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Palm Tipsheet 24.0 / November 2001
Tips & tricks galore! In this issue, Jake Jacobs contributes some real gems to the Handy Palm Tips & Tricks collection. In the Tipsheet Interview I'll talk with José Julio Ruiz, a Spanish Palm handheld user and director of the Spanish website

Editor's Welcome
Notable Links
  Handy Palm Tips & Tricks: Part 2
  The Tipsheet Interview: José Julio Ruiz
End Note

Palm Doc Edition (17k):

OUR SPONSORS -- Tons of new Cases for the Palm m500/m505 like the RHINOSKIN Molded Aluminum case! Coming soon, INCIPIO's USA Flag Case, 20% of your purchase goes to The American Red Cross Disaster Relief Fund! We've got it -- Why go anywhere else? Always FREE SHIPPING in the continental US!! Call (307) 732-1400 or shop online: -- If you enjoy this issue of the Palm Tipsheet simply purchase any item at, using the special link below. All purchases at provide a referral reward to the Palm Tipsheet. -- NEW VISORS! The $299 Visor Pro has 16MB RAM and rechargeable lithium-ion battery. The $199 Visor Neo features a 33MHz processor in Smoke, Red or Blue. Visor Prism now only $299! VisorPhone is FREE with any Visor purchase and service activation. FREE US shipping!! -- The place to get the hottest Palm OS software! Offering daily updates and notification e-mails, let keep you on top of the latest and greatest Palm OS software titles: Check out the excellent selection of hardware and software for Palm handhelds, Windows PCs or Macs at great prices at! -- US and UK readers, get the best deals on PDAs, computer hardware and software, electronics, DVDs, music, books and more.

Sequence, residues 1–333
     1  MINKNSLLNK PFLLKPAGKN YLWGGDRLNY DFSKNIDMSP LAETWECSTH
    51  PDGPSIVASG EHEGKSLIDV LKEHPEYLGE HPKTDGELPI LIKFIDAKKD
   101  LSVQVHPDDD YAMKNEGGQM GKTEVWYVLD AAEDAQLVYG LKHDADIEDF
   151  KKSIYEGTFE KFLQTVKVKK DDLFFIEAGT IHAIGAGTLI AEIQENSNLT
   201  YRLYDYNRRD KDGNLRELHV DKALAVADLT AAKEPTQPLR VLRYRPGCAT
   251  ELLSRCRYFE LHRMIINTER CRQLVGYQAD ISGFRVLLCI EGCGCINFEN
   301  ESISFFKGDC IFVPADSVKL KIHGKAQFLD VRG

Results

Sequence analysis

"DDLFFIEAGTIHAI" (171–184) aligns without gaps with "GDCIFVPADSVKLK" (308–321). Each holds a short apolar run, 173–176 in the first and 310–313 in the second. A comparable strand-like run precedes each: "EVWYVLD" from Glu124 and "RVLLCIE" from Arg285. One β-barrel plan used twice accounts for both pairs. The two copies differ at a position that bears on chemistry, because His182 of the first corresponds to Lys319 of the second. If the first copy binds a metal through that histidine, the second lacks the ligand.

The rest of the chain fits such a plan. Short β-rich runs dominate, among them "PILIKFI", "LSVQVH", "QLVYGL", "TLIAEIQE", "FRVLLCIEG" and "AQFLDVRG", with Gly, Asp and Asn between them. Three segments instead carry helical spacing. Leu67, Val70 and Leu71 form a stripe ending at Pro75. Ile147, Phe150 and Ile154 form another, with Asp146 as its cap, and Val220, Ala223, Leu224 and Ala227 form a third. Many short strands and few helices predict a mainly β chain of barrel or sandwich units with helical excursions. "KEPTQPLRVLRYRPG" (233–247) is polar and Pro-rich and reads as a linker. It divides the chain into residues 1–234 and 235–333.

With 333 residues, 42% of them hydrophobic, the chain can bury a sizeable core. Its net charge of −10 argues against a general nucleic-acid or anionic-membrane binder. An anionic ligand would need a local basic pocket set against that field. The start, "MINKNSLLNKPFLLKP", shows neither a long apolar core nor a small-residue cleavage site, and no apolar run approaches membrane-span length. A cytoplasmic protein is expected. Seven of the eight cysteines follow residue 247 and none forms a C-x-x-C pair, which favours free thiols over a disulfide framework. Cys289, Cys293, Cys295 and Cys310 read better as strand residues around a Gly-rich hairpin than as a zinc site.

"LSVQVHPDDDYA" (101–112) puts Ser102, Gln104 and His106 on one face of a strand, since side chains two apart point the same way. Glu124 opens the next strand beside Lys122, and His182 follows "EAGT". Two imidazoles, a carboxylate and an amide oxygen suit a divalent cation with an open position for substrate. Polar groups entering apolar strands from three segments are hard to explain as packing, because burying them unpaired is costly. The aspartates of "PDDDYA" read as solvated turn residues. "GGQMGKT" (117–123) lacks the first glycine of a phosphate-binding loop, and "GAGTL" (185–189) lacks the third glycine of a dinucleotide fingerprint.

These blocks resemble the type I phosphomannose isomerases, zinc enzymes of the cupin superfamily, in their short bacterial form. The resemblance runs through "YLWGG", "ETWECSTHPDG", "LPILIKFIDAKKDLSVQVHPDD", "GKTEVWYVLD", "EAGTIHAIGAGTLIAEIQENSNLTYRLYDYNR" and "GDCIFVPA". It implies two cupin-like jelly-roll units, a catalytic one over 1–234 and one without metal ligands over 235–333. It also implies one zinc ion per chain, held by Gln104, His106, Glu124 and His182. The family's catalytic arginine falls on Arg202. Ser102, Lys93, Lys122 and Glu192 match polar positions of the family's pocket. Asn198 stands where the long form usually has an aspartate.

Gear Up for Outdoor Adventure at REI! Get the stuff you need for skiing, snowboarding and all of your favorite winter sports at REI.


Cumprimentos Amigos!

I imagine those of you with homes can relate to the extra work owning a house brings. This autumn my wife and I have been raking leaves and preparing our lawn and garden for winter. It's hard work, but quite fun!

My wife and I also collaborated on a local Palm class for 16 students, called "Palm Pilots: Paperweight to Powertool". The class went well and in the next few weeks I'll be posting our class outline and a variety of links to 3rd party Palm software on the class info page. Feel free to have a look:

The Palm Tipsheet is now in Portuguese! My deepest thanks to my friend Vladimir Campos, Director of Content of Portal Palm for his hard work in translating Palm Tipsheet. The Portuguese edition will appear on the Portal Palm website about 15 days after English edition is published. Portuguese readers, be sure to check it out and send thanks to Vlad for his hard work.

Finally I'm pleased to present Jake Jacobs' contribution to the Handy Palm Tips & Tricks collection in Part 2 of the series. I hope you enjoy it!


Mike Rohde, Editor

FYI, My Portuguese greetings mean "Welcome Friends" and "regards". :-)


There's No Place Like Palm for the Holidays -- Preparing for the holidays and (hopefully) brisk sales of handhelds, Palm has quietly dropped pricing for the m505 to $400 and is now offering holiday deals with m125 and m500/505 handheld purchases including a 16MB SD card and various coupons:

Sony Strikes Again: Clié PEG-T415 Launched -- Sony is most certainly targeting the Visor Edge and Palm m500 by launching the super-slim, high-res monochrome Clié PEG-T415. Sony's $300 T415 offers 8MB RAM, 15 feet of Infra-Red range for AV control and MP3/video playback with add-on adapter. If only Sony could deliver catchier product names... ;-)

The Power of 3: Handspring Treo -- These new $400 Handspring Treo handhelds feature an integrated GSM dual-band worldphone (for voice and data), flip-lid earpiece, monochrome screen and 16MB RAM. The Treo 180 offers a Blackberry-style thumbboard while the 180g has a Graffiti area. Both will be available early 2002; the $600 color Treo 270, in mid-2002: